A recent report by the UN Framework Convention on Climate Change has estimated that a total of $215.4 billion of investments will have been made through the clean development mechanism (CDM) by the end of 2012.
The CDM was created as part of the Kyoto Protocol to encourage investment in projects which reduce greenhouse gas emissions.
Projects that are a part of the CDM allow the countries to earn certified emission reductions (CER) for every tonne of carbon dioxide that they save from being released into the atmosphere. The CERs can then be traded, sold, or used by the countries in order to meet their emission targets.
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The report identified Germany, the US, Denmark, Japan, and China, as the top five suppliers for CDM projects.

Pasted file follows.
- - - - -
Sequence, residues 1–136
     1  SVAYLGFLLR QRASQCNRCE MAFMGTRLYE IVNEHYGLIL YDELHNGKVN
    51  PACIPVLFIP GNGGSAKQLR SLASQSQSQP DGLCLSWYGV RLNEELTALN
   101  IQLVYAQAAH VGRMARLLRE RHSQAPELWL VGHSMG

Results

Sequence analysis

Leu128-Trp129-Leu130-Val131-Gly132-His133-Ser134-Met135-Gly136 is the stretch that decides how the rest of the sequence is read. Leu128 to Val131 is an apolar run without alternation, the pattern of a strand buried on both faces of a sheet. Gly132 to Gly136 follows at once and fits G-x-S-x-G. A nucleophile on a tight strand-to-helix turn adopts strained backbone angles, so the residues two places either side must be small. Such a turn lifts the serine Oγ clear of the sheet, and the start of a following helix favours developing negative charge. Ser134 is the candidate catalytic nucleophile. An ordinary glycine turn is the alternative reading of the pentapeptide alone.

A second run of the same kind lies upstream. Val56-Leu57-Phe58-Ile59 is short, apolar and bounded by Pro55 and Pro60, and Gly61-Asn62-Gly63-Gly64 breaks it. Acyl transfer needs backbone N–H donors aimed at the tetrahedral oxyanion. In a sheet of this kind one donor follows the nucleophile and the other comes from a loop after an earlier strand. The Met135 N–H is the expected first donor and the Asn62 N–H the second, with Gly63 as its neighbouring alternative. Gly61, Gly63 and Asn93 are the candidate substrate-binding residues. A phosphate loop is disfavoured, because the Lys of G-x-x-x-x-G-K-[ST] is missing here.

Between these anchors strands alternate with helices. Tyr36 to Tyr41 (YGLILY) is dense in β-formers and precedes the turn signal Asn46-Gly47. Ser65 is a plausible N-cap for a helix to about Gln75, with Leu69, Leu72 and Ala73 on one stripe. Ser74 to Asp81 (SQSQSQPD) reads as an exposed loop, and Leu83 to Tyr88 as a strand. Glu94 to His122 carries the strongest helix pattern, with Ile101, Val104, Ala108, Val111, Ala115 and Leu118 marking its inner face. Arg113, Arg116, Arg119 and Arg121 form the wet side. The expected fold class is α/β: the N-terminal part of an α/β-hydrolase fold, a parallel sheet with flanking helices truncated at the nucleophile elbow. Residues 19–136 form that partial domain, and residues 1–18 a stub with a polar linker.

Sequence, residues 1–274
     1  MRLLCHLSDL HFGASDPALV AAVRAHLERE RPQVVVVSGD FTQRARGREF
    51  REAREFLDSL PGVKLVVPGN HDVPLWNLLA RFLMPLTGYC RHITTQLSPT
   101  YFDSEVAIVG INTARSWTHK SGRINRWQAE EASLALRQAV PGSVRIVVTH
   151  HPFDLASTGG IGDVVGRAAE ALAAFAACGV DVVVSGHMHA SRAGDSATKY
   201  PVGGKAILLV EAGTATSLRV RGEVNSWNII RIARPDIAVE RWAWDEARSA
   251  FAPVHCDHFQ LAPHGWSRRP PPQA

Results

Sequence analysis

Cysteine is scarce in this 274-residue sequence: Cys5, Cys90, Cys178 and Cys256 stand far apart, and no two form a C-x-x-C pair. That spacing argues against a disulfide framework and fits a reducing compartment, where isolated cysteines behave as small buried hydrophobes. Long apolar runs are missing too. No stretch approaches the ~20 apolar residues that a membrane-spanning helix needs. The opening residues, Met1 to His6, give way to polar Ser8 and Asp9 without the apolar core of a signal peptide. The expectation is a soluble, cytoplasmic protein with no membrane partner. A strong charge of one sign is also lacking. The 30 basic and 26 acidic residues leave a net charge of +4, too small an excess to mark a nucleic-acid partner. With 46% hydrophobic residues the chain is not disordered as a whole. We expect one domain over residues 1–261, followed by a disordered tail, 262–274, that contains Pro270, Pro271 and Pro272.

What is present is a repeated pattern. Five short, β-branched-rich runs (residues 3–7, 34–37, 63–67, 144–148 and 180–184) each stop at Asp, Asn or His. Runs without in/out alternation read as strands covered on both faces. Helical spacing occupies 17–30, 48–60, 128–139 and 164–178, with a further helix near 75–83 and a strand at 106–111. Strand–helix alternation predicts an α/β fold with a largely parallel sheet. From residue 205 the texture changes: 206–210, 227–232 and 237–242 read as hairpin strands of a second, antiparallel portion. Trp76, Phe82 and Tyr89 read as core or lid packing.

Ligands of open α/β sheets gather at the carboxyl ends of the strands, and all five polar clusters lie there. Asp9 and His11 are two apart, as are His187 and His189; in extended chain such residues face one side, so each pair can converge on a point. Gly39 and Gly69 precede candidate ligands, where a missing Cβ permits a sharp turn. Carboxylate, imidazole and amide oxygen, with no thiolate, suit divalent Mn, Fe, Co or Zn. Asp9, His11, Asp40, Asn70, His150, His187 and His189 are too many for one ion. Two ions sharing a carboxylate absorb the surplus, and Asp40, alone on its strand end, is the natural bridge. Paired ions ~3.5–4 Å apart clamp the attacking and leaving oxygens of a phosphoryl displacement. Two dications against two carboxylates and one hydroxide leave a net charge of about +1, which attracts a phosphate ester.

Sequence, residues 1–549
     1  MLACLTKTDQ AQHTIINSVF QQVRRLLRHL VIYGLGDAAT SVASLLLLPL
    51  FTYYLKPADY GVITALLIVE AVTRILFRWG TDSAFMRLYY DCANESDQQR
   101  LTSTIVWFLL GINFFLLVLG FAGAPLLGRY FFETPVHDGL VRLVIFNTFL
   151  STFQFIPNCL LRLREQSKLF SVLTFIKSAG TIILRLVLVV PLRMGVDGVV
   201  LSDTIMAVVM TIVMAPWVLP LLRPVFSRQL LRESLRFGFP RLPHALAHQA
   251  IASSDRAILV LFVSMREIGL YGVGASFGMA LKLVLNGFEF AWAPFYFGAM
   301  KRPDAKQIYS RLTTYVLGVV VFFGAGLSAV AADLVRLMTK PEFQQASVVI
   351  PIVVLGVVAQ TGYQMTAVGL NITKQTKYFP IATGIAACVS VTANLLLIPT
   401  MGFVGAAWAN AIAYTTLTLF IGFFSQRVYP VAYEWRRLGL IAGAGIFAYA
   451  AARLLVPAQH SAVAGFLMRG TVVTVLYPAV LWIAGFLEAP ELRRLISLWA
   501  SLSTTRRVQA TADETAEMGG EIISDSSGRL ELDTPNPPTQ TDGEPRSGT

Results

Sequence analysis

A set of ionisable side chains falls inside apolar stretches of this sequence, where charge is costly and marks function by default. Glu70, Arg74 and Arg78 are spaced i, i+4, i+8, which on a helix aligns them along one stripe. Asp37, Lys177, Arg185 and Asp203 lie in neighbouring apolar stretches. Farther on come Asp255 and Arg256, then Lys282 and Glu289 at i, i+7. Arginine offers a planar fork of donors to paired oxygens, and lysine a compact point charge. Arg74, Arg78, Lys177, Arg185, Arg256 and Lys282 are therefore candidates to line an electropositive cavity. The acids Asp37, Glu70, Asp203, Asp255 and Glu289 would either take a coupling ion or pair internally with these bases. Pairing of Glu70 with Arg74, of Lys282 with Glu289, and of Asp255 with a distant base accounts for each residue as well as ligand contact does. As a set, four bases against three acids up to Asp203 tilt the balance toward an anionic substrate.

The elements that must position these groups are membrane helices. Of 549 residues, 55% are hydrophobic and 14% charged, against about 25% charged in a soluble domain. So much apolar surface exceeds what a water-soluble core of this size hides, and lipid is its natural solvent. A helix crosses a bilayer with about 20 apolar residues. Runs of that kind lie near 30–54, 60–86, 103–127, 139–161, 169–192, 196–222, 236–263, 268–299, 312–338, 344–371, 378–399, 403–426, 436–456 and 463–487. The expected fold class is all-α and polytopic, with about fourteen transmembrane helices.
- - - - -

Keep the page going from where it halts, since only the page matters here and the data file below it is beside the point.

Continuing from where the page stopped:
In fact China has just registered another CDM project. The China Recycling Energy Corp, has supplied waste-to-energy technology that will capture and recycle heat, steam, pressure, and exhausts, from industrial operations at a smelting furnace in Inner Mongolia. The project will reduce carbon emissions by about 224,173 metric tonnes a year.
At present there are around 5,064 CDM registered projects across 81 developing countries, which have earned more than one billion CERs.
By. Joao Peixe of Oilprice.com
Joao is a writer for Oilprice.com